Redundancies. Contingencies. A hundred ways we could save ourselves if something went wrong. We had plans for if the air recyclers went dead, plans for if the hydroponic system broke down, plans for if the dome began rapidly venting air; but we didn’t have any plans in place for terrestrial emergencies. From up here it looked like a suicide.
It was technically night here when it happened, though I remember the sun keeping everything all too clear in my eyes. It was an evening like a hundred others, sending data packets and breakdowns of “soil” samples from our army of computers back to the eggheads in Houston. The light delay from us to them was negligible, a little over a second both ways, so responses from Home Base were usually quick. But this one wasn’t. I kept waiting for confirmation of the data upload. Then I saw it.
It was a single bright light first. Then another. Then another. Like watching Fourth of July fireworks from across an ocean. I knew what it was before the computers told me.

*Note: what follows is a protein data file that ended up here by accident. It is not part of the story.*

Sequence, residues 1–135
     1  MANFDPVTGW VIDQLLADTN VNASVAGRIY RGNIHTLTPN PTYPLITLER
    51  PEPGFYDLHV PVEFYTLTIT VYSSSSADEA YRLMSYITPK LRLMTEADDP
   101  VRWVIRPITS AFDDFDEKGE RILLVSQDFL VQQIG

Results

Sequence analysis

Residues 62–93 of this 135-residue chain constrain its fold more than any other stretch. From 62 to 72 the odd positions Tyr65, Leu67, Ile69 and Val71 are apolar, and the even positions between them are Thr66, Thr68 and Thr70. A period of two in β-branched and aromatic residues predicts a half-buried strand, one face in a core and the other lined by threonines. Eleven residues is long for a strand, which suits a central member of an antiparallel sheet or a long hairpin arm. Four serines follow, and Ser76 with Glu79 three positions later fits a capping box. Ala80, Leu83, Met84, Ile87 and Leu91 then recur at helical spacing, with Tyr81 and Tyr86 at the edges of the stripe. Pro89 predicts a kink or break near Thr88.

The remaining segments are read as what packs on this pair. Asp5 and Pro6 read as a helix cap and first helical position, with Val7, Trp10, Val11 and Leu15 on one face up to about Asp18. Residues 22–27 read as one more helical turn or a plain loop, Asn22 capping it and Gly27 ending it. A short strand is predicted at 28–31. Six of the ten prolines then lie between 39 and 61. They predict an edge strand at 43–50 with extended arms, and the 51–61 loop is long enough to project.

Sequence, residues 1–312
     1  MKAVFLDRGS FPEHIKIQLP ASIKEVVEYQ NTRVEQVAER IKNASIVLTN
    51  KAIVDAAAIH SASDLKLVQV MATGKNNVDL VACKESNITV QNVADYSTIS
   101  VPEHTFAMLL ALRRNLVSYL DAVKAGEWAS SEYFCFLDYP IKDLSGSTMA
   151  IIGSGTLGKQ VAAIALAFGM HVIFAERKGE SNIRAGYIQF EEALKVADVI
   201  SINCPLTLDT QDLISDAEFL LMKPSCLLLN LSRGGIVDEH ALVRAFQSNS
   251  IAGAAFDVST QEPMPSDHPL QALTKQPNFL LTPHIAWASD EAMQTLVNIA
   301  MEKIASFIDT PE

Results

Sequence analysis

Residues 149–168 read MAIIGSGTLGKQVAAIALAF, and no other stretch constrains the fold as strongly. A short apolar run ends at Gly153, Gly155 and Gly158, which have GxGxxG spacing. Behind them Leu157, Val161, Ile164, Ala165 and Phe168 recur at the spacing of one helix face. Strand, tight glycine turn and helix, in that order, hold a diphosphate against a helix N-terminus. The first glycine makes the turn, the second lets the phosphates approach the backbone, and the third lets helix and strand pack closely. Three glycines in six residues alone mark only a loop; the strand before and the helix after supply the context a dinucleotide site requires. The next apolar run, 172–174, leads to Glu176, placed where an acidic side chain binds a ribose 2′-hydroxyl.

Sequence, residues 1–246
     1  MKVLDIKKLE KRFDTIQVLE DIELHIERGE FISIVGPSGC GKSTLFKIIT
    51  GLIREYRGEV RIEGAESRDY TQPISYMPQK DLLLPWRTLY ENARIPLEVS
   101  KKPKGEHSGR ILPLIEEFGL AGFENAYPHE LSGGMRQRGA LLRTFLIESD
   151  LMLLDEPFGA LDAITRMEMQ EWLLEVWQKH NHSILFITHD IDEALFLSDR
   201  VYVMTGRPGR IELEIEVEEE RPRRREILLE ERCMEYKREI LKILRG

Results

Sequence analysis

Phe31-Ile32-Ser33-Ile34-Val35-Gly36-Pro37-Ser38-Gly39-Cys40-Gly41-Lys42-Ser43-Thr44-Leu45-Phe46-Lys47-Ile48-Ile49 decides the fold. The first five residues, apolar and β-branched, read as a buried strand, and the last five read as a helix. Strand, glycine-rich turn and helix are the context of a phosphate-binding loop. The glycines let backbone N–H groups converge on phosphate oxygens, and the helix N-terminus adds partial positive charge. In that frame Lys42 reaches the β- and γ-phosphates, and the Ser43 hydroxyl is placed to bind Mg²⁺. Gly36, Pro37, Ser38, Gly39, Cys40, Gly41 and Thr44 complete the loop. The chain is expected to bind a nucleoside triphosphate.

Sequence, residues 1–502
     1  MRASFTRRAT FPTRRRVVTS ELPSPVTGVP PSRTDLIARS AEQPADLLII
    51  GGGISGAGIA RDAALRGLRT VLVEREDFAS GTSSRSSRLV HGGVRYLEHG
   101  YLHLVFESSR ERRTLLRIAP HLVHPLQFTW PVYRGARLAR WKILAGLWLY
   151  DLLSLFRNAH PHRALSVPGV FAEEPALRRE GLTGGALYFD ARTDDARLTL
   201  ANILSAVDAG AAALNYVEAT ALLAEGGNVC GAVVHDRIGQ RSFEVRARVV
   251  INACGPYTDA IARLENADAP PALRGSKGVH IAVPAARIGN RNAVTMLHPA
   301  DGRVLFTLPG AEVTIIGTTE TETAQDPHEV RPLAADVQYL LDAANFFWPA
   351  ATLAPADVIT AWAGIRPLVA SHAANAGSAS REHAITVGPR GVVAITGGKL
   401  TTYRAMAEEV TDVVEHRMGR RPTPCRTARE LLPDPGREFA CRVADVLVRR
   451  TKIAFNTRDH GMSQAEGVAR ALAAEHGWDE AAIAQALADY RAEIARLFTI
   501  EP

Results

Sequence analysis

Had the United States fired the first missile? Had Russia? Iran? North Korea? The computer didn’t know. It never would. And it didn’t really matter. I felt like something more should be happening. No alarms rang out in the base. Why would they? Nothing was wrong on our end. I couldn’t take my eyes off the gradually more and more occluded atmosphere of my former home. I knew I should tell the others, but I couldn’t move from my chair.
Midnight had come.